Our founding partners Jan Benthem and Mels Crouwel met in 1979 at the Delft University of Technology, where one of the professors introduced them because he thought they would make a good team. They started their firm Benthem Crouwel Architects the same year, from a small basement in an Amsterdam canal house.
They did not plan to become a very large firm, but in the late 1980’s two major assignments - the masterplan for Amsterdam Airport Schiphol, and becoming architectural supervisor for the RAI exhibition and convention center – would prove pivotal for the firm’s growth.
JB: “We had built a couple of bike sheds and containers at Schiphol when we were asked to come up with a masterplan that would double the airport’s capacity. We didn’t know all that much about airports and I had never even been on a commercial flight, but the opportunity seemed too good to pass up.”
MC: “Something similar happened when I was asked by Alexander Bodon, architect and supervisor for the RAI complex, to become RAI’s next supervisor. Both commissions turned out to be complex, long-term projects that have shaped our office a great deal. We’ve never underestimated the factor of luck when it comes to our successes – it’s hard to imagine where we would have ended up if these projects had not come our way.”
Modular construction, flexible building and the use of innovative techniques, fast growing trends in architecture today, have been an integral part of the firm’s designs from the very beginning.
JB: “We have always said that we are not building for eternity. That’s partly because of our modest approach, but it’s also realistic. Some of our earliest projects, like my own house in Almere and the customs posts, were already completely modular – light and simple constructions, easy to disassemble. Current projects like the faculty building LAB42 and the Equinix data centers are based on that same principle.”
MC: “For me the Sonsbeek pavilion is a great example of how the modular, inventive way of designing has always been in our DNA. An ethereal, transparent glass pavilion with an innovative glass and steel construction protected fragile artworks at the Sonsbeek 1986 art exhibition. Compare this to the extension to the Stedelijk Museum: that looks dramatically different, but its shiny seamless composite façade was created through the same process of research, science, and matching the building to its function.”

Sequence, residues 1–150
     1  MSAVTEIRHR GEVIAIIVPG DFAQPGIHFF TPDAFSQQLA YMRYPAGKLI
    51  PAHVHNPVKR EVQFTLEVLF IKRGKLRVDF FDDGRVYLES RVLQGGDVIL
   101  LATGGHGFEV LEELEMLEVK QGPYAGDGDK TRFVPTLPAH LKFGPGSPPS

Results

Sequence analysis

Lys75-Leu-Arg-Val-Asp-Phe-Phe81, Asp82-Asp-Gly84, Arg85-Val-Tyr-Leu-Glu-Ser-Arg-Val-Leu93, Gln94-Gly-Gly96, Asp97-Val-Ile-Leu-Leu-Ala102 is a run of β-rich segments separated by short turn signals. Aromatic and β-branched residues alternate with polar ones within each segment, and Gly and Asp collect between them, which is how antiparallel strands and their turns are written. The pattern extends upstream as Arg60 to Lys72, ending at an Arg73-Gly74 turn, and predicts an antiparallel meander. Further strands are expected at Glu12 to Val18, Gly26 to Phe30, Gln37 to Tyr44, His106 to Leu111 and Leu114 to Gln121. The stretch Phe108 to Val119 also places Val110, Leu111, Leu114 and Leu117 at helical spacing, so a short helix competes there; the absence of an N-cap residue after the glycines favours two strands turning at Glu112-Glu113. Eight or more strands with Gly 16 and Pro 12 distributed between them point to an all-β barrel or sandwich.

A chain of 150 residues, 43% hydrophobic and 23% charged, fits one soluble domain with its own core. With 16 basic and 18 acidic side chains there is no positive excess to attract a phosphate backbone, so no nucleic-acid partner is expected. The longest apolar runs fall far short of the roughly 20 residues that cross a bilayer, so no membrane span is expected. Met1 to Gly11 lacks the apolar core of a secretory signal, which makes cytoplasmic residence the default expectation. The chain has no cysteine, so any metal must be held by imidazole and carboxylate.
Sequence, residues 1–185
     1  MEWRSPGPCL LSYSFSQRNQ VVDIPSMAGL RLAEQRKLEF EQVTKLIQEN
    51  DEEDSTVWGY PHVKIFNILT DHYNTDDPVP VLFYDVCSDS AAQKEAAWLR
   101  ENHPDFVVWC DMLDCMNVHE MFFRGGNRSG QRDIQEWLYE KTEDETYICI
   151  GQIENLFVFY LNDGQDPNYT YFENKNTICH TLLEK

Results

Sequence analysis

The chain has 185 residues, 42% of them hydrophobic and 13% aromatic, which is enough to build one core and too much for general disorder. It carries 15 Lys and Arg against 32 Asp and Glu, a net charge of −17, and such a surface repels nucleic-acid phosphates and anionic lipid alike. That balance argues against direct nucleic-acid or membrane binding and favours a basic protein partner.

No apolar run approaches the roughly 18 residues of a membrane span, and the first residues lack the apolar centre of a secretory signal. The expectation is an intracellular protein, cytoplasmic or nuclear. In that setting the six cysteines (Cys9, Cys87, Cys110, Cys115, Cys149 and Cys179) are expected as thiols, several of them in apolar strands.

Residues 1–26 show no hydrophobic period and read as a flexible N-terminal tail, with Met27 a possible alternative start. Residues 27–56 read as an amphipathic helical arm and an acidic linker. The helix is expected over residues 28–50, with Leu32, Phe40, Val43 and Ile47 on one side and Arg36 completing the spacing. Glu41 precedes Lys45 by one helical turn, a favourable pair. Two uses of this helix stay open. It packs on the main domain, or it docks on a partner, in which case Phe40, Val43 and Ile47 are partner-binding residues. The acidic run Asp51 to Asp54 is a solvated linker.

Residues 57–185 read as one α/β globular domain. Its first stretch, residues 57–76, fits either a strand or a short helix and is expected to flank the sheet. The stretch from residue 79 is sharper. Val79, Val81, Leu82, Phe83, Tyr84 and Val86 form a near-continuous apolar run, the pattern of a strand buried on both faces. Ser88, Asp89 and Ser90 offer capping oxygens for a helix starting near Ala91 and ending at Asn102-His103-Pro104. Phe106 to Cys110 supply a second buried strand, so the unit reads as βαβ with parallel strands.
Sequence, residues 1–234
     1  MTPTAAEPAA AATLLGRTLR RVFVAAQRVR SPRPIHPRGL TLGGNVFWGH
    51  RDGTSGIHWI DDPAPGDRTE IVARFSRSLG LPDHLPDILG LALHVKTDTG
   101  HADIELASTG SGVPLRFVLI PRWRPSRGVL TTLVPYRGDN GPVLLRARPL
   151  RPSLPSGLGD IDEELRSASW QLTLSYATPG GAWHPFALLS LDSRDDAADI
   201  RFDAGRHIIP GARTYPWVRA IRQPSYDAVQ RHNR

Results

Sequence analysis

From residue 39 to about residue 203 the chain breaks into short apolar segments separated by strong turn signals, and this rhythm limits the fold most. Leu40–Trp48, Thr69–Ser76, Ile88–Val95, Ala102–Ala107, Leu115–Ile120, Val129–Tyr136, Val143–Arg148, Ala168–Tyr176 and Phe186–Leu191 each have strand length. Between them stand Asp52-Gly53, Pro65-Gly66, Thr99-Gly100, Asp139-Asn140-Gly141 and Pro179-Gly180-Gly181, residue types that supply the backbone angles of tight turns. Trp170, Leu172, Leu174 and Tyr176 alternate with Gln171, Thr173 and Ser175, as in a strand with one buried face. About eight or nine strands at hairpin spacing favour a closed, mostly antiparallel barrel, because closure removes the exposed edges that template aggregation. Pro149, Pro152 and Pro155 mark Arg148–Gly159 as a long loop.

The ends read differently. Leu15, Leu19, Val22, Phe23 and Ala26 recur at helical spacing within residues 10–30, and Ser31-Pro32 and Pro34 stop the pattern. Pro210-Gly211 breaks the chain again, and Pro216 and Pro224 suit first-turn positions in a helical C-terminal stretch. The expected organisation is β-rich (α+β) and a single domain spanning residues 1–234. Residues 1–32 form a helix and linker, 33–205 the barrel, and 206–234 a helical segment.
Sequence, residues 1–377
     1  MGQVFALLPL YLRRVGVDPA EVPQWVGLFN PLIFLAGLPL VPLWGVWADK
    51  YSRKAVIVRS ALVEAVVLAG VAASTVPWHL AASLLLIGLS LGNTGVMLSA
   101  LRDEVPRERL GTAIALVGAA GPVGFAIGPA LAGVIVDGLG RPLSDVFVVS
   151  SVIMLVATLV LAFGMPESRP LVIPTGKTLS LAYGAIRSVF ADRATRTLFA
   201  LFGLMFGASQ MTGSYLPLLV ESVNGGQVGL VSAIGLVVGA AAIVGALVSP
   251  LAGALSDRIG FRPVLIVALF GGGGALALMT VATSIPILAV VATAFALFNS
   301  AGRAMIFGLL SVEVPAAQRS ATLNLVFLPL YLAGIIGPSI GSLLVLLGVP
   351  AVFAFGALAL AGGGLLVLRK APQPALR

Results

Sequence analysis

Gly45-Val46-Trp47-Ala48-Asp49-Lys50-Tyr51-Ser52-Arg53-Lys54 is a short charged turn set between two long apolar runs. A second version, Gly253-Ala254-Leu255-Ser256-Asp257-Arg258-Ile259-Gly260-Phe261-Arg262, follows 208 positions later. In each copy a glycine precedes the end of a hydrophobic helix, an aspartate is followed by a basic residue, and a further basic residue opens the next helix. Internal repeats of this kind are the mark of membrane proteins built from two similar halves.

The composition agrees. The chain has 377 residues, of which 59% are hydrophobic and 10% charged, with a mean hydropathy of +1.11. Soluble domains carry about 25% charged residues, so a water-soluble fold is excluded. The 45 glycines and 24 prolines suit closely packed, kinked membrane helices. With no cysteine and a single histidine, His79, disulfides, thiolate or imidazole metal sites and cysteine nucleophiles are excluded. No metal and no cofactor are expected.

40 years of architecture means an impressively broad and varied portfolio. From working on the North South line metro stations for 23 years, to small renovations on their own homes; and from museums and office buildings to transport hubs and bridges.
MC: “We don’t feel that we have a specific style or signature that ties all these designs together - what defines our work is the way we approach the assignment and how we work together with the client to come up with the best possible answer for their question, and design a building that people will be happy to use. Especially with public buildings this is a very rewarding process.”
JB: “And there is a lot of consistency and continuity in this varied portfolio. Look at our transport hubs. We came up with Schiphol Plaza in one weekend, right before we had to present it to the client. They wanted a train station, and instead of designing a building to house that train station, we had the idea to simply cover the forecourt in front of the terminal. A brilliant concept that became the prototype for all the major transit hubs we have designed. From Schiphol Plaza to Utrecht Central Station, they are basically spacious public city squares, covered by beautiful roofs that connect everything. A good idea will always remain a good idea, and this continuity is something we are very proud of.”
Unlike a lot of architecture duos who have parted ways after working together for a while, Benthem and Crouwel maintained a strong and successful partnership for over four decades.
MC: “We never really gave this much thought. People always like to point out how different we are – Jan the engineer, Mels the artist – but actually we are more alike than you might think. It’s our shared background and the values that were instilled through our upbringing that created a solid base for our success. And now we see the four new partners embracing our approach to architecture, while still setting out on a course of their own.”
JB: “The life lessons we both got from our parents were to accept and respect people as they are, don’t interfere too much and don’t be jealous. That has worked well for us, both in our partnership and in our collaboration with clients. We tried to always stay true to our character. The firm is now no longer ours, even though we still love to come to the office. Being an architect has always been our life. But yes, we are slowly letting go.”